A few folks have been trying to get Kali Linux, a Debian-derived Linux distribution designed for digital forensics and penetration testing, to run on ESXi-Arm. Similiar to Raspberry Pi OS, the techniques outlined in this blog post can be used to convert the image-based system to a Virtual Machine that ESXi-Arm can then run natively. However, there is an issue when attempting to install grub during Step 16 where it can not locate an EFI partition.
With the help of Cyprien Laplace, we can now run Kali Linux on ESXi-Arm! You can find the detailed instructions below including installing VMware Tools for Kali Linux running on ESXi-Arm.
UPDATE (03/29/21): At the time of writing this blog post, Kali 2020.4 was the latest version and these instructions have been verified using that version. As of 02/24/21, Kali has released an ISO version of Kali Linux 2021.4 which is for the Apple M1, but it also works on ESXi-Arm as shared by one of our ESXi-Arm Engineers. You can now install Kali without having to go through this process and the steps below are no longer applicable. VMware Tools can also be installed on Kali Linux, for detailed instructions, please see this blog post.
— Cypou (@cypou) March 29, 2021
Step 1 - You need access to a system that has the qemu-img utility installed. In my setup, I am MacOS and you can install qemu-img using brew. You will also need about ~10GB of free storage for the converted file format. Step 2 - Download the latest Kali Linux RaspberryPi 2 (v1.2), 3 and 4 (64-Bit) image to your system and extract the file using the following command: gunzip kali-linux-2020.4-rpi4-nexmon-64.img.xz Step 3 - Use qemu-img to convert the image file to a VMDK qemu-img convert -f raw kali-linux-2020.4-rpi4-nexmon-64.img -O vmdk kali-linux-2020.4-rpi4-nexmon-64.vmdk Step 4 - SCP the VMDK file to the datastore of your ESXi-Arm host Step 5 - We need to actually convert the VMDK one more time so ESXi understands it, as the qemu-img utility only converts it to a hosted format which is normally used by Workstation/Fusion. To do so, we just use our good ol' friend, vmkfstools. You need to SSH (SSH is disabled by default) to the ESXi-Arm host after SCP'ing the VMDK and then run this command from ESXi-Arm host: vmkfstools -i kali-linux-2020.4-rpi4-nexmon-64.vmdk -d thin kali-2020.4.vmdk After the conversion completes, you can delete the source VMDK. Step 6 - Download the latest Debian 10.x Arm Network Installer ISO and also upload that to the datastore of your ESXi-Arm host Step 7 - Create a New VM called kali-2020.4 with the following configuration: Compatibility: ESXi 7.0 and later Guest OS Family: Linux Guest OS Version: Debian GNU/Linux 11 (64-Bit) CPU: 2 (or desired value) MEM: 2GB (or desired value) Hard Disk 1: Remove default since we are going to attach the one we just converted. To so by clicking on "Add New Device" and select Existing Hard Disk and locate that on the ESXi-Arm datastore CD/DVD dive 1: Select Datastore ISO File and locate the Debian Network Installer ISO from ESXi-Arm Datastore and ensure the device has checked box for "Connected" and "Connect at power on" Step 8 - Edit the VM and increase the size of the VMDK. This is required to properly setup Kali but it will also be useful if you intend to do something useful with it afterwards 🙂 In my setup, I increased it to 16GB. Note: At this point, it is highly recommended to create an offline snapshot in case you mess up and can easily revert before you have powered on the VM. Step 9 - Power on the VM and in then select Advanced options from the GRUB menu Step 12 - Select /dev/sda2 to boot from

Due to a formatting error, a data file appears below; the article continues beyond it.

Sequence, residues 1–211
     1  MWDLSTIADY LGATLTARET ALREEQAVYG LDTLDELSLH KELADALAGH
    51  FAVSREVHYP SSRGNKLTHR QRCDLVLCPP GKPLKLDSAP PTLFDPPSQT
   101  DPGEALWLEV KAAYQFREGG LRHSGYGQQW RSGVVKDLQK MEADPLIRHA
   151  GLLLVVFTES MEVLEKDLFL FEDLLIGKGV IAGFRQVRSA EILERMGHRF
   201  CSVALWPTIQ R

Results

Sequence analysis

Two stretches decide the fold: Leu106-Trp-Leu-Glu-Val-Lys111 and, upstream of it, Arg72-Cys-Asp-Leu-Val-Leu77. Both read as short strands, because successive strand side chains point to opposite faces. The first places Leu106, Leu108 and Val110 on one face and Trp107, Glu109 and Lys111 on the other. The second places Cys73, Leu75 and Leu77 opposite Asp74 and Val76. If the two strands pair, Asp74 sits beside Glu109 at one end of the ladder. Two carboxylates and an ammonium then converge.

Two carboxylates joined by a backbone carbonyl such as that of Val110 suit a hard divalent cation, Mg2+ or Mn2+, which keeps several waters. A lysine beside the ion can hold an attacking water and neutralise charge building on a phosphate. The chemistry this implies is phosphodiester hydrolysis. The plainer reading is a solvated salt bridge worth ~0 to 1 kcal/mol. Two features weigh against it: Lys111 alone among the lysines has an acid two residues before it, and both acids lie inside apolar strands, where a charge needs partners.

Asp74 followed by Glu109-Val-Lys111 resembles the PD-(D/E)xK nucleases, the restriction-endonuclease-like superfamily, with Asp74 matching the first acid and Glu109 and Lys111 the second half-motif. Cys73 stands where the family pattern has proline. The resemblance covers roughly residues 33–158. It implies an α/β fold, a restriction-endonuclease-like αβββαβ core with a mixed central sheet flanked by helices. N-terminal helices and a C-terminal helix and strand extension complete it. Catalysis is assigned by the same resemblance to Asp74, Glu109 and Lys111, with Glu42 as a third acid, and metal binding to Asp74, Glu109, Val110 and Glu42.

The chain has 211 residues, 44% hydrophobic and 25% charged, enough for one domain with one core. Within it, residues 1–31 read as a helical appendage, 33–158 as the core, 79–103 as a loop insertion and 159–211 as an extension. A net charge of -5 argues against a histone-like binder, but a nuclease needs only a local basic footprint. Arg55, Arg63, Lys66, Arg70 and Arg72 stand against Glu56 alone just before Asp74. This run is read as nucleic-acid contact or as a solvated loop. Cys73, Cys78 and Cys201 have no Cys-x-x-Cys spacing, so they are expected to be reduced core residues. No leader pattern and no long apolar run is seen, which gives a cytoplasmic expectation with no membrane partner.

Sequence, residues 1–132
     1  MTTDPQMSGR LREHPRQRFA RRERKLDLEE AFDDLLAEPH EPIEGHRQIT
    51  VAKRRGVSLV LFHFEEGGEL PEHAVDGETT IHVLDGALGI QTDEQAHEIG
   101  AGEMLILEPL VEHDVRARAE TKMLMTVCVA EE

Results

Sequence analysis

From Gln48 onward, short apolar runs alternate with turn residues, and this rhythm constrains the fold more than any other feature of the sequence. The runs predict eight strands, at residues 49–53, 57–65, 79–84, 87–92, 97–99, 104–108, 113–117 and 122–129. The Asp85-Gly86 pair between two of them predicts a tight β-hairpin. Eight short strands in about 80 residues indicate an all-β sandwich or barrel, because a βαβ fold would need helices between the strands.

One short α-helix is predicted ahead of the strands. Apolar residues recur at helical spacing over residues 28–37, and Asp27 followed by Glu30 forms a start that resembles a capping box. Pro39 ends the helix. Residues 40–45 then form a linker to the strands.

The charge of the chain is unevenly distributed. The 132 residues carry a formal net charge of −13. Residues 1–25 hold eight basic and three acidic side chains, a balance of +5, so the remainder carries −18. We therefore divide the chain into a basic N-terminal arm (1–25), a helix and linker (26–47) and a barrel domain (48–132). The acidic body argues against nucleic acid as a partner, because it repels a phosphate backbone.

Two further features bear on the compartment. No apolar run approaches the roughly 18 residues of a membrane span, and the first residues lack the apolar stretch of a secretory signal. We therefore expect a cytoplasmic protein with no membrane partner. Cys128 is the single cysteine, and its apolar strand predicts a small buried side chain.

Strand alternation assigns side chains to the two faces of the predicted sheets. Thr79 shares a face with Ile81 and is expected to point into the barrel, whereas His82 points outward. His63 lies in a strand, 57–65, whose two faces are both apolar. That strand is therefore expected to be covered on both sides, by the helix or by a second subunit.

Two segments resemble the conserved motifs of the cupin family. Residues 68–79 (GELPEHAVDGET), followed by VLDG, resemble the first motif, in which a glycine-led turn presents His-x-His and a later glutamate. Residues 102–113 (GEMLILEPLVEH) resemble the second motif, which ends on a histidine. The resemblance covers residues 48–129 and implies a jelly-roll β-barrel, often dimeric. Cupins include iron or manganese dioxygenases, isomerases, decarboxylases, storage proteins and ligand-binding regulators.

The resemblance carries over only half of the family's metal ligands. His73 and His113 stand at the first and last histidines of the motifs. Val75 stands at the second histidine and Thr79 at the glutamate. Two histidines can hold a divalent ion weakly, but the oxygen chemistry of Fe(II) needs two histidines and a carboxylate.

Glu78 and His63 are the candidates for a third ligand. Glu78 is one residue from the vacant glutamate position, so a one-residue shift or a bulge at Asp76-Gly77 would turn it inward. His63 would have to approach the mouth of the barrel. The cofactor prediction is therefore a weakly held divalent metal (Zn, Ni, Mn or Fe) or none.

Step 15 - We now need to resize our partition, run the following command which will bring up an interactive console. Select /dev/sda2 and then select the Resize option below and then hit enter. Quit to exit the utility. cfdisk /dev/sda resize2fs /dev/sda2
Step 17 - Now we need to update the /etc/fstab file so that it points to the correct disk partitions. Replace the second line in the file with /dev/sda1 and the new mount point will be /boot/efi and replace the third line in the file with /dev/sda2 and mount point will be / as shown in the screenshot below. mkdir -p /boot/efi && mount /boot/efi
mv /boot/efi/* /boot At this point, you are now ready to install grub. Step 19 - Run the following command to pull latest updates and install Grub packages for Arm: apt update
apt install -y linux-image-arm64 grub-efi-arm64 Step 20 -Run the following command to install Grub onto our Kali image: grub-install Step 21 - Finally, run the following command to update the Grub configuration: update-grub Step 22 - Type "exit" to exit from the shell and then select Reboot the system.
At this point, you should disconnect the Debian ISO from the vSphere UI or ESXi Embedded Host Client. You probably will see the following warning stating the GuestOS has locked the CD-ROM drive, go ahead and click on Yes to disconnect and that should allow the VM to continue booting from updated VMDK now. If all changes were applied successfully, Kali Linux should boot up and you now see the login screen as shown in the screenshot below. The default username and password is kali/kali
VMware Tools can also be installed on Kali Linux, for detailed instructions, please see this blog post.